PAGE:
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Energetic Trump ADDS to Travel Schedule; Biden Works from Home

'What we see consistently is there aren’t a whole lot of undecided voters left...'

(Headline USA) President Donald Trump plans to intensify an already breakneck travel schedule in the final full week of the presidential campaign.

Trump is expected to hit nearly a dozen states in his match-up with scandal-ridden Democrat Joe Biden, including Sunday’s trip to Maine and Tuesday’s to Nebraska, basically expanding a competitive map. Both states award electoral votes by congressional district and could be crucial in a tight election. He will hold 11 rallies in the final 48 hours alone.

Meanwhile slow-goer Biden aims to address six battleground states the campaign sees as key to his chances, some with low-energy socially distanced in-person events and others with virtual events. Breitbart reported:

On Sunday, Biden’s campaign called a “lid” on in-person campaigning for the day. A “lid” usually also means the campaign will not conduct press conferences or dispense press releases the remainder of the day. Biden’s campaign clarified that this was not a “full lid” since the former vice president would speak to supporters late-Sunday evening at a virtual “I will vote” concert.

Biden’s campaign had no events scheduled for Monday either, according to Fox News.

On Tuesday the former vice president is traveling to Georgia, a state that hasn’t voted for a Democratic presidential candidate in more than a quarter-century.

Trump aims to pack thousands of people in events across some of the upper Midwestern states.

Biden’s team hopes the coronavirus is likely to blot out any other issues that might come up in the final days of the campaign — which they hope includes Biden’s recent debate-stage comment in which he affirmed he’d transition away from oil, later unconvincingly walked back as a transition away from federal subsidies.

“You can certainly expect that (Biden) will focus on COVID as it continues to, unfortunately, rise all across the country,” Biden deputy campaign manager Kate Bedingfield said in an interview. “It’s disrupting people’s lives and people are looking for a leader to put in place plans to get it under control.”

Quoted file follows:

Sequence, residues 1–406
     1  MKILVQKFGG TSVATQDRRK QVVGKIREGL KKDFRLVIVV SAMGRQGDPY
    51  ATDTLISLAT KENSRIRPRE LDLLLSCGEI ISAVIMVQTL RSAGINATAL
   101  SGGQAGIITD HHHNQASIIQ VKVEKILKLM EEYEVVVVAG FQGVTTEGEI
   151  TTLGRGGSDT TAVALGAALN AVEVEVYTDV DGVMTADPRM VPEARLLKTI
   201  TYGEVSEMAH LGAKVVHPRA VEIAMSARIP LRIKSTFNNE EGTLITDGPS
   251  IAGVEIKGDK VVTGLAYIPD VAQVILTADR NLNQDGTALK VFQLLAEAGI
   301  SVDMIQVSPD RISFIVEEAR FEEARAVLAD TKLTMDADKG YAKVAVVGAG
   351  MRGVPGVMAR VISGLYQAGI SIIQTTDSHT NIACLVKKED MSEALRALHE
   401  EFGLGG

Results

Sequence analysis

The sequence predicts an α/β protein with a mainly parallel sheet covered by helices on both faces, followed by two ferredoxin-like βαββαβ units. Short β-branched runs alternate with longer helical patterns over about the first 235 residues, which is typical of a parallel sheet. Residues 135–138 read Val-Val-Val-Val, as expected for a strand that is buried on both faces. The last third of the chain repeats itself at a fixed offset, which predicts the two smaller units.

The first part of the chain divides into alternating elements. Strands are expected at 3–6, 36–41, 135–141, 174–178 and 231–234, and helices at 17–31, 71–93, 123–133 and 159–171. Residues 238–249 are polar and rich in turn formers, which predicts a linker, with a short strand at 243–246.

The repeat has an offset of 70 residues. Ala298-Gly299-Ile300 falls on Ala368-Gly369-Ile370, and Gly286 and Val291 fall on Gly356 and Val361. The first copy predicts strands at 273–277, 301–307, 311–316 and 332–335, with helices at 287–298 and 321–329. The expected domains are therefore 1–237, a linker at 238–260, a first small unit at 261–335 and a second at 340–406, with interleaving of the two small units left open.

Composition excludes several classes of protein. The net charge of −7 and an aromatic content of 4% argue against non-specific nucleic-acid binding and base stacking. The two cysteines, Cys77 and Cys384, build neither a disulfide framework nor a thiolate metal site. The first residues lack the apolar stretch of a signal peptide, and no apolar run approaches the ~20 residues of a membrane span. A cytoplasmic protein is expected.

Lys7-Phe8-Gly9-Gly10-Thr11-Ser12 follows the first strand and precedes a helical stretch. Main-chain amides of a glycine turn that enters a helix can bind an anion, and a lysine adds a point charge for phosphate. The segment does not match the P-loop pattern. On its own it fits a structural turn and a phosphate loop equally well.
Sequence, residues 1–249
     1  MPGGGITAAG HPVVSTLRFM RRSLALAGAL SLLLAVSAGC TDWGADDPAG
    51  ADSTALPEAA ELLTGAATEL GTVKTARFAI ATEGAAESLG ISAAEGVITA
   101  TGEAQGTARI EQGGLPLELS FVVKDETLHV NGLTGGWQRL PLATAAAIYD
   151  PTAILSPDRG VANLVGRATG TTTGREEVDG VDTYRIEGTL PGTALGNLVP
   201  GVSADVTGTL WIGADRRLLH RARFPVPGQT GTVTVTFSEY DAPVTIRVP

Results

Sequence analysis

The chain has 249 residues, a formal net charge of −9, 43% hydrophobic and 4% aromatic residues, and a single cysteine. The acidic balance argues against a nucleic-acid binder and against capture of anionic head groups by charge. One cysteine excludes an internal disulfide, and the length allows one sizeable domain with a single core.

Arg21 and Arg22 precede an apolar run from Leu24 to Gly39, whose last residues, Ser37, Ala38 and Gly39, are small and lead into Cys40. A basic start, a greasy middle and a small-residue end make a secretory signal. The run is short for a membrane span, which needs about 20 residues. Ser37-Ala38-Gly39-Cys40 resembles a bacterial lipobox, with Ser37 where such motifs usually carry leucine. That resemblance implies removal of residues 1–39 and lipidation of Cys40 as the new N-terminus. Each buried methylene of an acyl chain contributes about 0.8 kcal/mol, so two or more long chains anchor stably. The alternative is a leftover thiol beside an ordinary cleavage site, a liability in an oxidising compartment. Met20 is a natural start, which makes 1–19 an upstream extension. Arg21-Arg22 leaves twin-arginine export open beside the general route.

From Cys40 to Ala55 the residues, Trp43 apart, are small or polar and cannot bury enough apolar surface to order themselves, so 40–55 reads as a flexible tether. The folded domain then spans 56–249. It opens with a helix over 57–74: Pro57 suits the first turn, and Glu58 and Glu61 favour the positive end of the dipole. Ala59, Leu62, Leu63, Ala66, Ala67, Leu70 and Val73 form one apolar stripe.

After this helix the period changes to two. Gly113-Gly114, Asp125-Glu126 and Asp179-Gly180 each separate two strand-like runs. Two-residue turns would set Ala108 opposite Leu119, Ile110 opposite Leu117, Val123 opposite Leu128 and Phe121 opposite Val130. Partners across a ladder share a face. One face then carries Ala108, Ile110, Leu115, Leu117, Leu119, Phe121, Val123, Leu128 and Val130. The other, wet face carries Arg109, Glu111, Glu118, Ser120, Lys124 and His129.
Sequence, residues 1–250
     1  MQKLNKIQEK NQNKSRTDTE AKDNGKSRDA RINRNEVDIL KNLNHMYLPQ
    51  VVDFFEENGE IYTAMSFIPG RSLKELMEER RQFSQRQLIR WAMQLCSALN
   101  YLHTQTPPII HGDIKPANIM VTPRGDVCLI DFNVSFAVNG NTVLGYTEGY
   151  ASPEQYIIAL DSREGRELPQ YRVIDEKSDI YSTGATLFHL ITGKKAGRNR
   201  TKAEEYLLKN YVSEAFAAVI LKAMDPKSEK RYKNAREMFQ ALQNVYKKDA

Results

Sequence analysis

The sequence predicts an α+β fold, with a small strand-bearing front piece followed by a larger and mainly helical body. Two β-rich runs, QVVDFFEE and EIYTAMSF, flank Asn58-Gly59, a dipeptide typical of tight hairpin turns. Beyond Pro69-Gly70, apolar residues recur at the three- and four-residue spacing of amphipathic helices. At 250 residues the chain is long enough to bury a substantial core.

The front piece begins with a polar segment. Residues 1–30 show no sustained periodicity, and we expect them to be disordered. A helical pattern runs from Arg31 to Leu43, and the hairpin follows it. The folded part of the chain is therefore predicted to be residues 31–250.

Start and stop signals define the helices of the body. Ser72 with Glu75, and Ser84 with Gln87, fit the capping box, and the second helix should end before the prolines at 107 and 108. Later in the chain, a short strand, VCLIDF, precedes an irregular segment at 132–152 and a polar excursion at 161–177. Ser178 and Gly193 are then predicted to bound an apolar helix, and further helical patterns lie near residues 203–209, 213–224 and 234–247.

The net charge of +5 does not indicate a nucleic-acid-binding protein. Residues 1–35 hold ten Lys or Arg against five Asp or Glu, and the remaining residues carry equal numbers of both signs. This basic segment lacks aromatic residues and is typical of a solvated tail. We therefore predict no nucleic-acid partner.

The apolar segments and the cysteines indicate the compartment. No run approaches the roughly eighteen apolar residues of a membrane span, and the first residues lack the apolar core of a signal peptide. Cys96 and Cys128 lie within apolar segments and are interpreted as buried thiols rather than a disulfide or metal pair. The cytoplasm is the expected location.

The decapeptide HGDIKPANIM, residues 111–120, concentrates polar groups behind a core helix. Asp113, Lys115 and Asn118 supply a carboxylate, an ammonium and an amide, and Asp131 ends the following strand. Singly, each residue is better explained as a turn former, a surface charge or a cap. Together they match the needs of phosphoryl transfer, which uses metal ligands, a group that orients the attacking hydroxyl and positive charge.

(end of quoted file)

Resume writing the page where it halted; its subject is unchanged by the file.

With more than a third of the expected ballots in the election already cast, it may become increasingly challenging for Trump and Biden to reshape the contours of the race.

Biden is also sitting on more campaign cash than Trump and is putting it to use, blanketing airwaves with a nearly 2-to-1 advantage over the final two weeks. The incessant campaign ads from Biden feature a mix of his aspirational message with stinging critiques of Trump’s handling of the pandemic.

Still, multiple Democrats described the “2016 PTSD” that’s keeping them up at night a week out from Election Day. In 2016, Hillary Clinton also enjoyed a lead in national and some state polls, and Democrats say their complacency then doomed their candidate. Now, with the pandemic and record numbers of mail and absentee ballots injecting a greater level of uncertainty into the election, Democrats are reluctant to let their guard down.

Biden’s campaign will focus in the final week on turning out what they’ve dubbed the “Biden coalition” — Black and Latino voters, as well as suburban, college-educated whites, women and older voters disaffected by Trump.

“What we see consistently is there aren’t a whole lot of undecided voters left, and at this stage of the race it’s really about turnout. It’s about educating voters to make sure they know how to vote, and it’s about making sure that that they turn out,” Bedingfield said.

Biden’s campaign has emphasized the need for Democrats to stay engaged even as the polls seem to favor their candidate. In a recent memo, Biden campaign manager Jen O’Malley Dillon said that “in a number of critical states we are functionally tied,” and warned supporters that “every indication we have shows that this thing is going to come down to the wire.”

Bedingfield says that’s a message the campaign will continue to push through Nov. 3.

“One thing that we have been very vocal about is that we do believe the race is tighter than a lot of the public polling would suggest,” she said. “We are constantly working to ensure that that people understand that there is an urgency here, and that we can’t get complacent.”

Adapted from reporting by Associated Press.

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